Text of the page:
Archdiocese Local

A new look for the archdiocese

The archdiocese reorganizes regions to better serve parishes


by Jill Ragar Esfeld
jill.esfeld@theleaven.org

KANSAS CITY, Kan — Three years ago, the archdiocese initiated pastoral planning on the parish level in response to changes in population and personnel, and a desire to use resources more efficiently.

That process has now been expanded to include the regions themselves.

Earlier this year, Archbishop Joseph F. Naumann asked a committee of priests to examine the current configuration of the archdiocese’s 11 pastoral regions and to come back to him with recommendations for a realignment. The committee recently announced a plan that reduced the number of regions to eight.

A glance at the new map (see right) shows four smaller pastoral regions clustered in and near the Greater Kansas City metropolitan area, and four large regions to the north, west and south.

The former pastoral regions of Saint Marys, Nortonville, and Emporia have been absorbed into the Atchison, Nemaha-Marshall, Topeka and Southern pastoral regions. Minor adjustments were also made to the Lawrence, Leavenworth and Johnson County pastoral regions. The only unchanged pastoral region was Wyandotte County.

According to vicar general Msgr. Thomas Tank, pastoral regions were initiated in the 1970s by Archbishop Ignatius J. Strecker as a means for the parishes to share resources and to work collaboratively to promote the life of the church within their geographical sector.

Accordingly, the priests of each region elect a regional leader, who convenes regular meetings and serves as one of the region’s representatives on the Presbyteral Council.

Not only are ideas passed from the parishes to the archdiocesan level through the Presbyteral Council, but so, too, are archdiocesan initiatives and resources disseminated from that group to the regions and parishes.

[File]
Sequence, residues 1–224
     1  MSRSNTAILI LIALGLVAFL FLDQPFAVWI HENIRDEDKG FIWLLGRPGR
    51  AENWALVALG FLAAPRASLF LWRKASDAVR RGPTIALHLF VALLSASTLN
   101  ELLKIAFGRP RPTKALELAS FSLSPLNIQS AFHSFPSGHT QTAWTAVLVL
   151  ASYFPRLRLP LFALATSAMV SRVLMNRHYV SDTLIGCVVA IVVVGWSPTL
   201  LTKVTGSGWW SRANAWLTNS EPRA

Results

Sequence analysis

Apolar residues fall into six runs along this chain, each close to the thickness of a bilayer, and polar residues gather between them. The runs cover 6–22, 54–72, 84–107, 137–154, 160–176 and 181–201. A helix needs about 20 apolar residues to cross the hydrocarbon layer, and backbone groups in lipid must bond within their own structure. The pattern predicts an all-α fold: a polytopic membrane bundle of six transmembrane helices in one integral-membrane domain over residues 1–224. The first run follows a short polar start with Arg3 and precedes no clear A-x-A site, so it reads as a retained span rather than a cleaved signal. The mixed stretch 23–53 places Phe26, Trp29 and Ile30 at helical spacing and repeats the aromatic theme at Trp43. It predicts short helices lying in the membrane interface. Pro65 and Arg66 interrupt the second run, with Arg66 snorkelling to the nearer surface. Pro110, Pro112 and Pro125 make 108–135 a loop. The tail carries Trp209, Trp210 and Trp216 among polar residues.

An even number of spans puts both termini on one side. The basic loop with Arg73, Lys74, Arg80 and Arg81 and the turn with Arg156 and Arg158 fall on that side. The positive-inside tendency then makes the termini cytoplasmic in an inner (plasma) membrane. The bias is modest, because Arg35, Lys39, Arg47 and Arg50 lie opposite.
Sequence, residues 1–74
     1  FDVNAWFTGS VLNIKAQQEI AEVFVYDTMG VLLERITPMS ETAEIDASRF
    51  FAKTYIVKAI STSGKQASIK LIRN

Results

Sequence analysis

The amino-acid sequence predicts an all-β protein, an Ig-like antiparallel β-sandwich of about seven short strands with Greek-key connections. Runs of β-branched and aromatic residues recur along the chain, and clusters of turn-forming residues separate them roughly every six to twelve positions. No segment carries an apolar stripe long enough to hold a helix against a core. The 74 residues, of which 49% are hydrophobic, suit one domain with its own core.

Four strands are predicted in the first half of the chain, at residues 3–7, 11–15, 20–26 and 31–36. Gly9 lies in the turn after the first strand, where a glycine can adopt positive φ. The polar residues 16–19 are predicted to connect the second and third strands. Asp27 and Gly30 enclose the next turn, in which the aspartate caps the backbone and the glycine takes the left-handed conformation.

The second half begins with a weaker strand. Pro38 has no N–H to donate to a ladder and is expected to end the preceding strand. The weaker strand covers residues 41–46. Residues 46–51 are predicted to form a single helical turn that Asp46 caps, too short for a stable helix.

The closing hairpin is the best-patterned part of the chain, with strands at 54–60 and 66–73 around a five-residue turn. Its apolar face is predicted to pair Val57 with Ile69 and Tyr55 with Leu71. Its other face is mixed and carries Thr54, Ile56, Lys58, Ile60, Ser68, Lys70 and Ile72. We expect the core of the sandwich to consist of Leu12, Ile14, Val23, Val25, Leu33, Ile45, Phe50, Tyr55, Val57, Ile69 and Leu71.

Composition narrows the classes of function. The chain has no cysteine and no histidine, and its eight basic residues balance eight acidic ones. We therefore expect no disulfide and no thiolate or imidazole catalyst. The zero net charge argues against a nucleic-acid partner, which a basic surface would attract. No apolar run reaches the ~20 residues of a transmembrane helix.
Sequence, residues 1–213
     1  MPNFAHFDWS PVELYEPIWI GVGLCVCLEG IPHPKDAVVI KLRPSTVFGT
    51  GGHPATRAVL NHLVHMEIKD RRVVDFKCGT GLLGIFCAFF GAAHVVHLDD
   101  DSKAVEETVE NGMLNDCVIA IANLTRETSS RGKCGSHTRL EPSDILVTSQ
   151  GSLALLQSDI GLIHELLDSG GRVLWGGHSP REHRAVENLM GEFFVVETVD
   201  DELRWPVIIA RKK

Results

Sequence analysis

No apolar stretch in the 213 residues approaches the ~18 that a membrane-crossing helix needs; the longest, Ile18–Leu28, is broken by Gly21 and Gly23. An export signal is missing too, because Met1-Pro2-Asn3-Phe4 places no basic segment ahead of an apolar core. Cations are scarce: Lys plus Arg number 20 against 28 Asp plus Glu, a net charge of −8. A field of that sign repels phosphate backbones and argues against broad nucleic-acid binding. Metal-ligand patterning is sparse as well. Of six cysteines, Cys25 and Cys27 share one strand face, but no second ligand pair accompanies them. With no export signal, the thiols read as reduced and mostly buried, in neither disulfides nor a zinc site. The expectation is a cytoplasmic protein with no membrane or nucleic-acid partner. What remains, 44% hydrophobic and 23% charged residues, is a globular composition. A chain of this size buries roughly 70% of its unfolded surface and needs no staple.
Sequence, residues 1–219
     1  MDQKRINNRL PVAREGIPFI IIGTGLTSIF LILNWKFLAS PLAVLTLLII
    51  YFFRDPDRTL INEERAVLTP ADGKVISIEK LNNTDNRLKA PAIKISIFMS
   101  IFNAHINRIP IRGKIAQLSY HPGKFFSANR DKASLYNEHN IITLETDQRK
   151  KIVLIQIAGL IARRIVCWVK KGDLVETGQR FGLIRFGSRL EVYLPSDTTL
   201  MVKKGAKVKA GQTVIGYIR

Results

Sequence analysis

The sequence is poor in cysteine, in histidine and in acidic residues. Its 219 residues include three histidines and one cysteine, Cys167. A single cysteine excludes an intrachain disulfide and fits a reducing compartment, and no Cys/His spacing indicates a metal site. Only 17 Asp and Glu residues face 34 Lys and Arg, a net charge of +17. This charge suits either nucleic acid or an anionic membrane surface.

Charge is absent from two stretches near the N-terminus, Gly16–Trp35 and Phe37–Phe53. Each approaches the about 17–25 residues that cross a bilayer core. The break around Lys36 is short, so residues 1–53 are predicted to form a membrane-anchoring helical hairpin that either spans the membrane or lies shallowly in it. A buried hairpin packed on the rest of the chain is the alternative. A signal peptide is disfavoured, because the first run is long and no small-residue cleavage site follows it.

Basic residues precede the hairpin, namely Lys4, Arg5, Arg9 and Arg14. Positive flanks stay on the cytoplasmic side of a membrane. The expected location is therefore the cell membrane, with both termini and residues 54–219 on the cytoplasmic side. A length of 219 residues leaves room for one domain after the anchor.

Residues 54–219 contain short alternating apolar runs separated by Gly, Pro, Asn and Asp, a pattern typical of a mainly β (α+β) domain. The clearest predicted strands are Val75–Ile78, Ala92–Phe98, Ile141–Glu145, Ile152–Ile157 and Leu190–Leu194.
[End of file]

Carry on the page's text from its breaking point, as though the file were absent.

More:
That’s because it is at regular meetings of the Presbyteral Council that the archbishop and others are able to share information with the regional leaders. They, in turn, take the programs and initiatives discussed back to the regional council meetings, which all priests working in that particular region are invited to attend.

“[The pastoral region system] allows individual priests to speak as a group to the archbishop, and for the archbishop to convey and communicate with his priests on individual levels,” said Father Chris Rossman, associate pastor of Prince of Peach Parish in Olathe and a member of the Presbyteral Council. “That two-way communication is extremely necessary to run the parish and to run the archdiocese well.”

Why change?

In the 30 years since the regions were established, however, the population within those regions has changed. The archbishop felt that the old 11-region configuration no longer worked.

“A couple of regions had a very small number of priests serving in the region,” said Archbishop Naumann. “One of the purposes of the regions is to provide a forum for collaboration of priests,” which the current alignment just didn’t permit.

Representation on the Presbyteral Council had also become lopsided, he said, as priests in the smaller regions wound up with disproportionate representation.

The new configuration should help make representation on the Presbyteral Council more proportional, and provide help to pastors in the less-populated rural regions of the archdiocese, said Father Rossman.